Why ‘links’ will die by 2017

Death of gaining natural links

Links will ultimately disappear because of the increasing popularity of mobile devices [1], coupled with our user behaviour this will kill links: We do not link out to other web sites on mobiles, as such, search engines are beginning to place more weight on other ranking factors apart from links and on-page signals. Google, for example, are improving their page speed test tool to include UX metrics. Matt Cutts has also said that link data was removed in an internal Google experiment which suggests Googlers are actively reviewing their algorithm in light of mobile user behaviour.

In March 2014 Yandex gradually started to remove link data for commercial queries claiming over 800 ranking factors are reviewed because user behaviour is a much clearer and natural signal.

3 links, what and why?

  • Internal links are connected with UX because they encourage page views; thus increasing engagement and viewing duration, for instance. An increase in mobile device use will not impact the number of internal links by 2017 because web developers and content management systems will continually be used on desktop devices.
  • Out-going, like internal, links are also followed by search engines but out-going link data is analysed to assist search engines to determine and improve relevance and authority. If, say, for instance, HandmadeShoeStore.com linked out to QualityLeather.com then this site’s authority will increase. Out-going links will not change in 2017.
  • Incoming links are going to be most affected by increased mobile use because the majority of your mobile users cannot link back to your site’s content. Google’s current best practice states that links should be earnt but by 2017 most users will be using mobile, and starting to increase wearable device use, with a technical inability to link out. For this reason alone search engines will have changed their ranking tactics because they are aware that the SEO industry will be the majority of active link builders therefore not neutral; thus unsuitable to use in an algorithm.
  • Always about mobile?

    An eHandwriting device, Telautograph, was patented in 1888 by Elisha Gray. The theory and discussion goes back much further than one initially thinks.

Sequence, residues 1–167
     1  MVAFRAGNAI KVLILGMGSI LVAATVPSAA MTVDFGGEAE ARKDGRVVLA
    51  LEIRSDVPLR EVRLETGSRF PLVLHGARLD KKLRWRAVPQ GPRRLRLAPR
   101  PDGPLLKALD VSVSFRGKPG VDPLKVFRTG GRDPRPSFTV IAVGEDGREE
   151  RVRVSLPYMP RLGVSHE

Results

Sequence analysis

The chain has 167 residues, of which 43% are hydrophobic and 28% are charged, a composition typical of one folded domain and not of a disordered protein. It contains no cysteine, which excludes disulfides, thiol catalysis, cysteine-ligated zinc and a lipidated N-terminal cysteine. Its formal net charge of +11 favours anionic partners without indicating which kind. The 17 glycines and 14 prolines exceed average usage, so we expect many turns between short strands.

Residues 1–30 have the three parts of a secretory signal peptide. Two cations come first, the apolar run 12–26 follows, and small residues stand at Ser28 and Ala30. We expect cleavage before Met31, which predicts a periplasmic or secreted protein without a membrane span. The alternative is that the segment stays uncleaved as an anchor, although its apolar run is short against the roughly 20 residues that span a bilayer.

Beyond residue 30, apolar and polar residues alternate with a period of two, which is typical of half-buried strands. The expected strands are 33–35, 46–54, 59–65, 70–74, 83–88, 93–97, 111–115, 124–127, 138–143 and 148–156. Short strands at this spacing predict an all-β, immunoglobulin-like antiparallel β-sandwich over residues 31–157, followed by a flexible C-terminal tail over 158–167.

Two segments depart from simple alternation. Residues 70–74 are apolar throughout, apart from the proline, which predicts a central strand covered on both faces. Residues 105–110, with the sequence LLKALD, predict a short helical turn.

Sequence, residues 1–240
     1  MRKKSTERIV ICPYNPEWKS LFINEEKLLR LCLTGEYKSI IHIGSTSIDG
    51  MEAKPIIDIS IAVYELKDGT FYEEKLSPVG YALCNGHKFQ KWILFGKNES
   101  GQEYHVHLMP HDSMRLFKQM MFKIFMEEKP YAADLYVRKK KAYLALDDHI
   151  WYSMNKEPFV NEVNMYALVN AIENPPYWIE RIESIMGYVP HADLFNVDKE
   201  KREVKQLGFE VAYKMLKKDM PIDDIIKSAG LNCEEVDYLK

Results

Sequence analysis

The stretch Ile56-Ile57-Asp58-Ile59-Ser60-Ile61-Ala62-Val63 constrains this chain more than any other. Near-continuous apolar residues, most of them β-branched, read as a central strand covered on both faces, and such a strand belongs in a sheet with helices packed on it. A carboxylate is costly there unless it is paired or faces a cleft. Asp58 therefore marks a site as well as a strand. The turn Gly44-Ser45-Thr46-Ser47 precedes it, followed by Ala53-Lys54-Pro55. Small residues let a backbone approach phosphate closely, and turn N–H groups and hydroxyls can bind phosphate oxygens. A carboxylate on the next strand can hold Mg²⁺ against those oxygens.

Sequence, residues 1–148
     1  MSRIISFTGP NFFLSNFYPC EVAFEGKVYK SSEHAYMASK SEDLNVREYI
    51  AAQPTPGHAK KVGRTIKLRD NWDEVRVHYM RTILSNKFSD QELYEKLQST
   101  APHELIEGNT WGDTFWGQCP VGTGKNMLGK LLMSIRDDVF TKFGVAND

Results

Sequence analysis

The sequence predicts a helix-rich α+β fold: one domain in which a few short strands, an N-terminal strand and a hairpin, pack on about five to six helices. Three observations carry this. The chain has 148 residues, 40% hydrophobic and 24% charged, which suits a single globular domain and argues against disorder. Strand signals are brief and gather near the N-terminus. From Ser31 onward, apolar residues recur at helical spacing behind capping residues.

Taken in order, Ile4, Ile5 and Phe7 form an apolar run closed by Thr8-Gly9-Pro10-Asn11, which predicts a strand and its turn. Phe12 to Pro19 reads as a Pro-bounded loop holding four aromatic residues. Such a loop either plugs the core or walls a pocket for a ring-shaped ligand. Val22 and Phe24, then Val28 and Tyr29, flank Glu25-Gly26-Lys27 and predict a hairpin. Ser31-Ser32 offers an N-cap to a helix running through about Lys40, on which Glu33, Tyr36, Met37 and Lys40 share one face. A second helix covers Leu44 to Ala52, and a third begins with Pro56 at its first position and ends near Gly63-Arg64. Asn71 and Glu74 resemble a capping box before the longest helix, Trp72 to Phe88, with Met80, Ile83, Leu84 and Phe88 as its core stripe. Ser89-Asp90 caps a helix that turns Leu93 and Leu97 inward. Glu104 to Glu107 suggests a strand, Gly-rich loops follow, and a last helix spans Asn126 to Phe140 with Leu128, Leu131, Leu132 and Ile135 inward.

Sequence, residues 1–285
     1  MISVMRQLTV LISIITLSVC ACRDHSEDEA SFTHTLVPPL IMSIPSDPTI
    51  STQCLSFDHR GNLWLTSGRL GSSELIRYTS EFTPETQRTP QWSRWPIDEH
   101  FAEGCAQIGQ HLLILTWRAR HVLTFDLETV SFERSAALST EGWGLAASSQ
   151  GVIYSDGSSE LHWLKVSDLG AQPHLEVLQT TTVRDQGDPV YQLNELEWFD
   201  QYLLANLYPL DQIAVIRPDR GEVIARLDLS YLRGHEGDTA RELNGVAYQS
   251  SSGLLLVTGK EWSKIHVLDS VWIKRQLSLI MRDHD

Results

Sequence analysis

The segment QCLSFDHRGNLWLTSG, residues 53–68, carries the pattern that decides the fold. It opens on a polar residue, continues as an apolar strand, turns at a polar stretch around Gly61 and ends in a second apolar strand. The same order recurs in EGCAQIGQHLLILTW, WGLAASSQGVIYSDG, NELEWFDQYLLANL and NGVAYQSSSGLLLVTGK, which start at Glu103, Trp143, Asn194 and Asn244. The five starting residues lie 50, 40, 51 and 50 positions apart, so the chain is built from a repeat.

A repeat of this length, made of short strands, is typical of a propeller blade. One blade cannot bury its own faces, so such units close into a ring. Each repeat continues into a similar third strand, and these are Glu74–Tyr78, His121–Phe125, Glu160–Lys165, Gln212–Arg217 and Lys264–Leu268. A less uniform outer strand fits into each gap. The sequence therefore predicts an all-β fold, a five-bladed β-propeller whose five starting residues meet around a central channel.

Google’s new engine, Hummingbird, has the power to process social media data but due to it’s fast-paced, spam-like nature social media links will not soley replace current links. Social links could be used as quality indicators but not the only method. Is an article that get lots of mentions, favourites and likes a great article to rank?

    Can links be saved?

    It is possible that browsers could be redesigned to include an easy link building tool but since it would be a new feature getting existing users to regularly use it would prove difficult because our behaviour is difficult to change. Mobile device use, furthermore, is usually much shorter than desktop or laptop so time and ease of use would be key to such a tool.

    Search engines will simply move towards UX and write a comprehensive algorithm to rank web sites rather than relying heavily on link metrics. Will the new anchor text be social media messages in order to get contextualised keyword data? Is this why search engines are pushing their own social media platforms? How will search engines overcome bot traffic which can negatively increase bounce rates, negatively impacting UX, thus rankings, in 2017? There are still a lot of search engine developments to be made; in the meantime keep link building in 2014.

    [1] globally 3G smartphone has 25% penetration (2% for 4G) and some countries have high 3G penetration. Japan, Italy, USA and the UK, for instance, have 88%, 91%, 71% and 73%, respectively

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